I won’t address here the usual stereotypes about feminism (lesbian, angry…) but I will try to think about what it means to be a feminist in a broad way.
I came across a post by Shadow’s Crescent that made a very good point : being a woman and being in favor of equal rights is not enough to make you a feminist. And yet that’s a very common idea. Of course, it is quite practical to challenge the cliches I evoked right above. The idea here is to say that being a feminist doesn’t (necessarily) make you radical, hysterical or whatever feminists are still called today. Feminism is not a bad word, it just means that you believe in equality. Ok, that’s a pretty good point, hard to oppose. But unfortunately I think it’s more complicated than that. Feminism is deeply intersectional. It wouldn’t make sense otherwise.
To me, feminism should help women all over the world to be empowered and free in many different ways. Feminism should not reproduce the oppressions women have to face. Feminism should un-pressure women from what have been imposed on them because of their sex, sexual orientation, gender, class, race, age and so on. Feminism can’t be unique, because there is no unique woman. Feminism has to be inclusive to the point of including men. They are also concerned by more gender equality.
Shadow’s Crescent shows the limit of the “woman + equality” definition of feminism, because women are often defined by their sex and not gender. In other words, it excludes all the people identifying as women but who do not actually have female genitalia. And what about intersex people? Of course, it also leave men identifying as feminist on the side.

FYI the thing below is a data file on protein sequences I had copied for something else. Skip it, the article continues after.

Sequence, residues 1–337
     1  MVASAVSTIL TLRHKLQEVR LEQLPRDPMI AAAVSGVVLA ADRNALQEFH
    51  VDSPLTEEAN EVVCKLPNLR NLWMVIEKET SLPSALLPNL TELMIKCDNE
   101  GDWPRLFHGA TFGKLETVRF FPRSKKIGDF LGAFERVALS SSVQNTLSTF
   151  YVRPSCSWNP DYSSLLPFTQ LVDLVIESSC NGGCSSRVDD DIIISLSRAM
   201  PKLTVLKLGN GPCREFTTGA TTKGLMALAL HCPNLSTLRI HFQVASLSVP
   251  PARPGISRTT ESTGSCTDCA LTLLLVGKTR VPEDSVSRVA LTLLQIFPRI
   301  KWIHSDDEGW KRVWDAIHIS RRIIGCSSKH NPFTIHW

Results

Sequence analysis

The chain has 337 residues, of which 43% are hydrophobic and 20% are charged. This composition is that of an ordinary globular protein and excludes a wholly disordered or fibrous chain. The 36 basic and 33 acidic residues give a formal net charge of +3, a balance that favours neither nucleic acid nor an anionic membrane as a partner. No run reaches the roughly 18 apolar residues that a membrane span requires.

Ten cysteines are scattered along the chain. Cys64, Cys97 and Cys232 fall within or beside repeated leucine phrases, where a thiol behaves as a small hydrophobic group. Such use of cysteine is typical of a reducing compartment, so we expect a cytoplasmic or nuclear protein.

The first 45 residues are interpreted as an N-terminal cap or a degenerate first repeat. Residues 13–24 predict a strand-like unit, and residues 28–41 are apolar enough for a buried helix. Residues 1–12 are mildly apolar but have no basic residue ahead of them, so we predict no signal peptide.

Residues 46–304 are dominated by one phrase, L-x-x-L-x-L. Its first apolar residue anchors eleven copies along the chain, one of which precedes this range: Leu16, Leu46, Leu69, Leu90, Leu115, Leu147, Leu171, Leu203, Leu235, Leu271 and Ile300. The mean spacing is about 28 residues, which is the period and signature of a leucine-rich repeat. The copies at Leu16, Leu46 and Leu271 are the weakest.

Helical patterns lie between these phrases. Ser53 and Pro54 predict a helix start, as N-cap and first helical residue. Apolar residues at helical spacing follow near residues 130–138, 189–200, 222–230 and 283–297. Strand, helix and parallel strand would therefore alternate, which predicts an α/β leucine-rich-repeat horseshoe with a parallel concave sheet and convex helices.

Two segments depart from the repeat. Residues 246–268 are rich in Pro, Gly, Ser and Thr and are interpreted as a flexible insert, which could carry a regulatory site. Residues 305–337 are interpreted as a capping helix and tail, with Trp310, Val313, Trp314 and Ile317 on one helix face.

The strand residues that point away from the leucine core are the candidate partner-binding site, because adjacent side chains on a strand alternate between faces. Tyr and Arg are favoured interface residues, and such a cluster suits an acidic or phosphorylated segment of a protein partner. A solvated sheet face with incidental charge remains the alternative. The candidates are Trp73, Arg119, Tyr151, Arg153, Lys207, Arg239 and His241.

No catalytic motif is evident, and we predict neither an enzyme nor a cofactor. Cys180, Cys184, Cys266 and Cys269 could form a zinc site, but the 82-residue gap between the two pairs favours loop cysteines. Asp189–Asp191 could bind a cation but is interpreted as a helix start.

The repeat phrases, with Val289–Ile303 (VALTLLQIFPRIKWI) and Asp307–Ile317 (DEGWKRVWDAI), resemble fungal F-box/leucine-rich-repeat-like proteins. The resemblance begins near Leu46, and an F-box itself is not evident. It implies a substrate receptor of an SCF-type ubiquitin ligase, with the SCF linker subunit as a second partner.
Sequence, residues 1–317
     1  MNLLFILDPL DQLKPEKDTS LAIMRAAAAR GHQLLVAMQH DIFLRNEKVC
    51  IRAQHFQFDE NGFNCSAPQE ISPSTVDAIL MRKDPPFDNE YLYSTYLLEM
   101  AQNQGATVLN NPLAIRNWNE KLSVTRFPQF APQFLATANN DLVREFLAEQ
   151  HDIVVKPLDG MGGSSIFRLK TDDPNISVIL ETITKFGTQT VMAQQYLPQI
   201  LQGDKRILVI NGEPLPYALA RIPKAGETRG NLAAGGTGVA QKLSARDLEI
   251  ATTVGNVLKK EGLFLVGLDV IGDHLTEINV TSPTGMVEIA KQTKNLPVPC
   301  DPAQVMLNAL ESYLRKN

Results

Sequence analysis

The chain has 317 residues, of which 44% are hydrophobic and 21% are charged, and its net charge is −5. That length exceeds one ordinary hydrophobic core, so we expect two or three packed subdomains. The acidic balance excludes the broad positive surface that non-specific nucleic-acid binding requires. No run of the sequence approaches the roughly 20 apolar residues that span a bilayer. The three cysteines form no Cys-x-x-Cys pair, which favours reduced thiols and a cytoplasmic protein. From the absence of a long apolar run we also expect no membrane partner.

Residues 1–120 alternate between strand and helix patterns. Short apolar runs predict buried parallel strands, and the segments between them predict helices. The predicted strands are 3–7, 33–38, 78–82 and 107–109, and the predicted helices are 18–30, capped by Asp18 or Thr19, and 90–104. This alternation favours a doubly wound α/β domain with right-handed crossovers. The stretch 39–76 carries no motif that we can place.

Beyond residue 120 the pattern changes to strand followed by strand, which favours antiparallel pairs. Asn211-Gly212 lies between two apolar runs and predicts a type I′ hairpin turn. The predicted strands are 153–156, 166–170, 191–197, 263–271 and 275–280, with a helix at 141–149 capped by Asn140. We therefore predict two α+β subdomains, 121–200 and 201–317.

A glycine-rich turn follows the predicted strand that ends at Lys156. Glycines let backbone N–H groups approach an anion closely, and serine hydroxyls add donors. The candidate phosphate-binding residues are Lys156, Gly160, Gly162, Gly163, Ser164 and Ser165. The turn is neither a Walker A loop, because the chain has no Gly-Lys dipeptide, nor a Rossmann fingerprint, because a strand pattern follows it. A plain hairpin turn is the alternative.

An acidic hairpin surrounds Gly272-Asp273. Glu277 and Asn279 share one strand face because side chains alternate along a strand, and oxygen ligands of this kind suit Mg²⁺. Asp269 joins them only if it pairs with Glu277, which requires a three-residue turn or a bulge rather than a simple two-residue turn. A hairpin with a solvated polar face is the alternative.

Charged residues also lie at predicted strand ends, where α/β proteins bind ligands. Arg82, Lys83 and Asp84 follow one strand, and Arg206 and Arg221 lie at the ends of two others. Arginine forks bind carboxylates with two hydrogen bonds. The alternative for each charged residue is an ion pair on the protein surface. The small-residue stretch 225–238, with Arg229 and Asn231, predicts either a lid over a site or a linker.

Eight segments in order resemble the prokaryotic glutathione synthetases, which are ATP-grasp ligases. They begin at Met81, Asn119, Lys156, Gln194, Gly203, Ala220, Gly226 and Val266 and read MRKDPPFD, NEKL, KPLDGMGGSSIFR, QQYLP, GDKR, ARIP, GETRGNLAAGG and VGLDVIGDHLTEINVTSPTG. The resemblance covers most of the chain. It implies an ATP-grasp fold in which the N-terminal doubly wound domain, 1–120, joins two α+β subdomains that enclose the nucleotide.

Here are my favorite passages of Shadow’s Crescent post :
"A racist woman is not a feminist; she doesn’t care about helping women, just the women who look like her and can buy the same things she can. A transphobic woman is not a feminist; she is overly concerned with policing the bodies and expressions of others. A woman against reproductive rights — to use bell hook’s own example, and an issue close to your heart — is not a feminist; she prioritizes her dogma or her disgust over the bodies of others. An ableist woman is not a feminist; she holds some Platonic ideal of what a physically or mentally “whole” person should be and tries to force the world to fit inside it. […] There are women of color, lesbians, trans* women, poor women, fat women, disabled women, neuroatypical women, asexual women, genderqueer women, genderfluid women…”
Sooo… what does it mean in the end? You can’t be feminist if you’re excluding some categories of women because they don’t match your criteria. That’s discrimination. Basically what feminism is fighting against.
The only space where your freedom is limitless is yourself. You can live and express your feminism the way you want as long as you don’t impose it on other people. I don’t think this intersectional dimension of feminism is too radical, I think it forms one of its fundamental principles. If you want to fight against inequality, you can’t choose to reproduce other kind of discrimination.
Everyone is welcome to complete this definition of feminism or give her/his/hir own !
The 57th UN Commission on the status of Women agreed on a final text. But it was not easy. Why? Ask Vatican, Iran and Russia. They wanted to erase paragraph #7 of the draft :
"The Commission urges States to strongly condemn all forms of violence against women and girls and to refrain from invoking any custom, tradition or religious consideration to avoid their obligations with respect to its elimination as set out in the Declaration on the Elimination of Violence against Women”
to see the whole text here. Too progressive for you, religion? Too bad, it passed!
The Commission also promotes access to safe legal abortion for all women.
Anyway, let’s not dream too much about what it will mean in terms of change, but we’re on the right path, folks !
I hope the topic of this first post is only the beginning of progress towards more gender equality.